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Denman v. Saul

United States District Court, W.D. Oklahoma

August 28, 2019

STEVEN DENMAN, Plaintiff,
v.
ANDREW SAUL, Commissioner of Social Security, [1] Defendant.

          OPINION AND ORDER

          CHARLES B. GOODWIN UNITED STATES DISTRICT JUDGE.

         Plaintiff Steven Denman brings this action pursuant to 42 U.S.C. § 405(g) for judicial review of the final decision of the Commissioner of the Social Security Administration (“SSA”) denying Plaintiff's application for supplemental security income (“SSI”) under Title XVI of the Social Security Act, 42 U.S.C. §§ 1381-1383f. Upon review of the administrative record (Doc. No. 11, hereinafter “R. ”), and the arguments and authorities submitted by the parties, the Court affirms the Commissioner's decision.

         Procedural History and Administrative Decision

         Plaintiff filed his SSI application on October 6, 2015, alleging that his disability began on that same date. R. 11, 165-73. Following denial of his application initially and on reconsideration, a hearing was held before an administrative law judge (“ALJ”) on November 7, 2016. R. 25-42, 43-51, 52-61. The ALJ issued an unfavorable decision on August 4, 2017. R. 8-24.

         The Commissioner uses a five-step sequential evaluation process to determine entitlement to disability benefits. See Wall v. Astrue, 561 F.3d 1048, 1052 (10th Cir. 2009); 20 C.F.R. § 416.920. At step one, the ALJ found that Plaintiff had not engaged in substantial gainful activity since he had filed his application on October 6, 2015. R. 13. At step two, the ALJ determined that Plaintiff had the severe impairments of: major depressive disorder, panic disorder, attention deficit hyperactivity disorder. R. 13-14. At step three, the ALJ found that Plaintiff's condition did not meet or equal any of the presumptively disabling impairments listed in 20 C.F.R. Part 404, Subpart P, Appendix 1. R. 14-16.

         The ALJ next assessed Plaintiff's residual functional capacity (“RFC”) based on all of his medically determinable impairments. R. 16-17. The ALJ found:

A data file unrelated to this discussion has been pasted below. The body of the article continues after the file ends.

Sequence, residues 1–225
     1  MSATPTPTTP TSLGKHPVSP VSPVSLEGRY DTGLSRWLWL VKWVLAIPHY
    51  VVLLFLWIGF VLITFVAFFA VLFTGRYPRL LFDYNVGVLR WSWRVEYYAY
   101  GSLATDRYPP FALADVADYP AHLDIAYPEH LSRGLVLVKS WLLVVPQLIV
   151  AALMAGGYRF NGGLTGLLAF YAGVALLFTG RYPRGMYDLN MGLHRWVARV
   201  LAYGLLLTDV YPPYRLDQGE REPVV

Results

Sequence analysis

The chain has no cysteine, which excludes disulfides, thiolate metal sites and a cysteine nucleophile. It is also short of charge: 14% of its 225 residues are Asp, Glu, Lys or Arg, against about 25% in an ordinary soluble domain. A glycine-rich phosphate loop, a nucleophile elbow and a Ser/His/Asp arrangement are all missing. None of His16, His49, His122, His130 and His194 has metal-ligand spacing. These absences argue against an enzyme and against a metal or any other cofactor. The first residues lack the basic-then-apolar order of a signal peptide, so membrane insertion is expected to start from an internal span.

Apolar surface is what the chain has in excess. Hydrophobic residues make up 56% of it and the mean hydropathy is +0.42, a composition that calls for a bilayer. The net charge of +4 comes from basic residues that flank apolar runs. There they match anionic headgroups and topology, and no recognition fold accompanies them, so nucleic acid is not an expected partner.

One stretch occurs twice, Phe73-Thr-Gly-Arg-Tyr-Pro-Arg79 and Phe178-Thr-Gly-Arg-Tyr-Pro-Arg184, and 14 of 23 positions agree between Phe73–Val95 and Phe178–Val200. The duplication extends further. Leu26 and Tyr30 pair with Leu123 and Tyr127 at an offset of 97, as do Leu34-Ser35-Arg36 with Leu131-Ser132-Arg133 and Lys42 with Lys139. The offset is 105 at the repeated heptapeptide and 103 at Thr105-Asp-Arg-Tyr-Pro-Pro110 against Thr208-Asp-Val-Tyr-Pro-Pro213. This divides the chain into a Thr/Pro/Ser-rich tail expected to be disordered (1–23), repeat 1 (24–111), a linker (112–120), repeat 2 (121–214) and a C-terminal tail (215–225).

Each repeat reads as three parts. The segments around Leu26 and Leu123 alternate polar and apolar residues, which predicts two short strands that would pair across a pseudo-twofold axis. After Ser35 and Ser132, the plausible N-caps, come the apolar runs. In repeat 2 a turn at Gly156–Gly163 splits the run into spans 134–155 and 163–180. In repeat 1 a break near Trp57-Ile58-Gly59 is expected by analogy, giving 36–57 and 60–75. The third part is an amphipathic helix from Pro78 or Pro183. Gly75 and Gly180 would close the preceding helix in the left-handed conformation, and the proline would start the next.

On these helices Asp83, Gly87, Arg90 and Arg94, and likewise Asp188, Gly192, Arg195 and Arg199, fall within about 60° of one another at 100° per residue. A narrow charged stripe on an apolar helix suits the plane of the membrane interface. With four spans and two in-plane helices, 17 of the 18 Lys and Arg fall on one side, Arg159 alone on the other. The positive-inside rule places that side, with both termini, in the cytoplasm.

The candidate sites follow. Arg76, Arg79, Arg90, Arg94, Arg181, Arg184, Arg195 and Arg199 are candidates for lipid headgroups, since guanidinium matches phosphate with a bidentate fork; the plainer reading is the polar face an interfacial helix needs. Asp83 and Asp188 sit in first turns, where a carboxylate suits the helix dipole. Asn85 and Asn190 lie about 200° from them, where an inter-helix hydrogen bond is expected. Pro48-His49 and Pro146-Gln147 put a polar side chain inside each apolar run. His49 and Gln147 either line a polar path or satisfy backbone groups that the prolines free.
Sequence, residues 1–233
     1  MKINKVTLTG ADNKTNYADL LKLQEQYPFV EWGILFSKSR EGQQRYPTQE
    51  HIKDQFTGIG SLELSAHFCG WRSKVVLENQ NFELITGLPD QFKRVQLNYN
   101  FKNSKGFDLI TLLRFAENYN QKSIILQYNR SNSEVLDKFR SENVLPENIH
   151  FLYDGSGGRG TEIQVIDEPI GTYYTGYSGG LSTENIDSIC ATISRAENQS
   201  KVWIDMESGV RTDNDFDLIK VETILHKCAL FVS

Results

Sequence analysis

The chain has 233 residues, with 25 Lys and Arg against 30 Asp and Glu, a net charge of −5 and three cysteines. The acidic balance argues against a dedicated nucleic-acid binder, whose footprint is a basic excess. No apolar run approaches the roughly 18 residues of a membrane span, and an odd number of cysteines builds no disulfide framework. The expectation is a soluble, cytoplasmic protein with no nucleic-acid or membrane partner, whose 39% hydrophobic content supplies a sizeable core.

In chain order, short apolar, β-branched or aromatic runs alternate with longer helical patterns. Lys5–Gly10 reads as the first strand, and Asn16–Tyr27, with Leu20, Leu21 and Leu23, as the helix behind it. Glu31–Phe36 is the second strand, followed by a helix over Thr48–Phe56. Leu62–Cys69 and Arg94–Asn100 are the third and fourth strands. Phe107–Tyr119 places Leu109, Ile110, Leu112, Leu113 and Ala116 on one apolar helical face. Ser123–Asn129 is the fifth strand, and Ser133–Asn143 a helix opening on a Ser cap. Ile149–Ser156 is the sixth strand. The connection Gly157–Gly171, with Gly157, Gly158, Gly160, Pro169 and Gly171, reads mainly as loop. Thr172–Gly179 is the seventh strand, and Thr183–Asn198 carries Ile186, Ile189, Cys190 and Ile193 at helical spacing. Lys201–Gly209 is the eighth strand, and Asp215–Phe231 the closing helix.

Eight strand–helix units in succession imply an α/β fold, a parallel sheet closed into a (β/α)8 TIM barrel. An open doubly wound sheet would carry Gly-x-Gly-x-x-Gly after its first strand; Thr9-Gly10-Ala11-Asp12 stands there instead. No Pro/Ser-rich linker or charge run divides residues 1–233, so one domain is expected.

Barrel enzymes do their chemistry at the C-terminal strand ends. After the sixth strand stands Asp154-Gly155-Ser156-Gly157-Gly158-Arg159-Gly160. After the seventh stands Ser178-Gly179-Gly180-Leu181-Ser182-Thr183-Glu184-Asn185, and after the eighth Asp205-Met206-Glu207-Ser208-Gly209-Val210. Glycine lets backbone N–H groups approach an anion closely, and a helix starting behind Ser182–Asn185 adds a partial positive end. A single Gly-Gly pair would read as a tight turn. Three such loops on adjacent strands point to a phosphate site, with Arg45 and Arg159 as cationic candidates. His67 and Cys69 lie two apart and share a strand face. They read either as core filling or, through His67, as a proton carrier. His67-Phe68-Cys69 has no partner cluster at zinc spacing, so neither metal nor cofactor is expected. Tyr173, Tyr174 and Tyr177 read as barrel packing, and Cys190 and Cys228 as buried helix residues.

[Plaintiff] has the [RFC] to perform a full range of work at all exertional levels, but with the following nonexertional limitations: [Plaintiff] can understand, remember, and carry out simple, routine, and repetitive tasks. [Plaintiff] can relate to supervisors and co-workers on a superficial work basis. [Plaintiff] can have no contact with the general public. [Plaintiff] can respond to usual work situations.

         R. 16. At step four, the ALJ found that Plaintiff had no past relevant work. R. 17.

         At step five, the ALJ considered whether there are jobs existing in significant numbers in the national economy that Plaintiff-in view of his age, education, work experience, and RFC-could perform. R. 18-19. Relying upon the testimony provided by a vocational expert (“VE”) regarding the degree of erosion to the unskilled occupational base caused by Plaintiff's additional limitations, the ALJ concluded that Plaintiff could perform unskilled occupations such as machine feeder, film touch-up screener, or sorter, and that such occupations offer jobs that exist in significant numbers in the national economy. R. 18-19.

         The ALJ therefore concluded that Plaintiff had not been disabled within the meaning of the Social Security Act during the relevant period. R. 19. Plaintiff's request for review by the SSA Appeals Council was denied, and the ALJ's unfavorable decision stands as the Commissioner's final decision. See R. 1-5; 20 C.F.R. § 416.1481.

         Standard of Review

         This Court's judicial review of the Commissioner's final decision is limited to determining whether factual findings are supported by substantial evidence in the record as a whole and whether correct legal standards were applied. Poppa v. Astrue, 569 F.3d 1167, 1169 (10th Cir. 2009). “Substantial evidence is such relevant evidence as a reasonable mind might accept as adequate to support a conclusion.” Doyal v. Barnhart, 331 F.3d 758, 760 (10th Cir. 2003) (internal quotation marks omitted). “A decision is not based on substantial evidence if it is overwhelmed by other evidence in the record or if there is a mere scintilla of evidence supporting it.” Branum v. Barnhart, 385 F.3d 1268, 1270 (10th Cir. 2004) (internal quotation marks omitted). The court “meticulously examine[s] the record as a whole, ” including any evidence “that may undercut or detract from the ALJ's findings, ” in determining whether the ALJ's decision is supported by substantial evidence. Wall, 561 F.3d at 1052 (internal quotation marks omitted). Though a reviewing court considers whether the Commissioner followed applicable rules of law in weighing particular types of evidence in disability cases, the court does not reweigh the evidence or substitute its own judgment for that of the Commissioner. Bowman v. Astrue, 511 F.3d 1270, 1272 (10th Cir. 2008).

         Analysis

         In this action, Plaintiff contends that the ALJ improperly evaluated Plaintiff's subjective complaints, ignored a third-party function report, and misstated Plaintiff's GAF ...


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